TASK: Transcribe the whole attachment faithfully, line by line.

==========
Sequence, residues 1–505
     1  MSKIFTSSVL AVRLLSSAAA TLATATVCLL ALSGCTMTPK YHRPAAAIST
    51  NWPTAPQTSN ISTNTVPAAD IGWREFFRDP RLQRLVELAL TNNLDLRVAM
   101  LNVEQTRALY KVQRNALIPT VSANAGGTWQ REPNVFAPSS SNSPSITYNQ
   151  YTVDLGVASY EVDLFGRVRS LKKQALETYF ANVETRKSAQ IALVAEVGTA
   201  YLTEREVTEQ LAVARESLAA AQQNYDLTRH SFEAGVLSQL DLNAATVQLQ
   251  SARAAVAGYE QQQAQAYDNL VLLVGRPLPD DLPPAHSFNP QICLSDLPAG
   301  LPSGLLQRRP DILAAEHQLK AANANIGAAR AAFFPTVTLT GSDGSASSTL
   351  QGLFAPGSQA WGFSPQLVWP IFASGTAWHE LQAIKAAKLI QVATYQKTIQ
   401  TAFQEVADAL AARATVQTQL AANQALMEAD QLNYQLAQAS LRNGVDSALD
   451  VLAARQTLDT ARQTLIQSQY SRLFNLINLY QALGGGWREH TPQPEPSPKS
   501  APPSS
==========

Sequence, residues 1–505
     1  MSKIFTSSVL AVRLLSSAAA TLATATVCLL ALSGCTMTPK YHRPAAAIST
    51  NWPTAPQTSN ISTNTVPAAD IGWREFFRDP RLQRLVELAL TNNLDLRVAM
   101  LNVEQTRALY KVQRNALIPT VSANAGGTWQ REPNVFAPSS SNSPSITYNQ
   151  YTVDLGVASY EVDLFGRVRS LKKQALETYF ANVETRKSAQ IALVAEVGTA
   201  YLTEREVTEQ LAVARESLAA AQQNYDLTRH SFEAGVLSQL DLNAATVQLQ
   251  SARAAVAGYE QQQAQAYDNL VLLVGRPLPD DLPPAHSFNP QICLSDLPAG
   301  LPSGLLQRRP DILAAEHQLK AANANIGAAR AAFFPTVTLT GSDGSASSTL
   351  QGLFAPGSQA WGFSPQLVWP IFASGTAWHE LQAIKAAKLI QVATYQKTIQ
   401  TAFQEVADAL AARATVQTQL AANQALMEAD QLNYQLAQAS LRNGVDSALD
   451  VLAARQTLDT ARQTLIQSQY SRLFNLINLY QALGGGWREH TPQPEPSPKS
   501  APPSS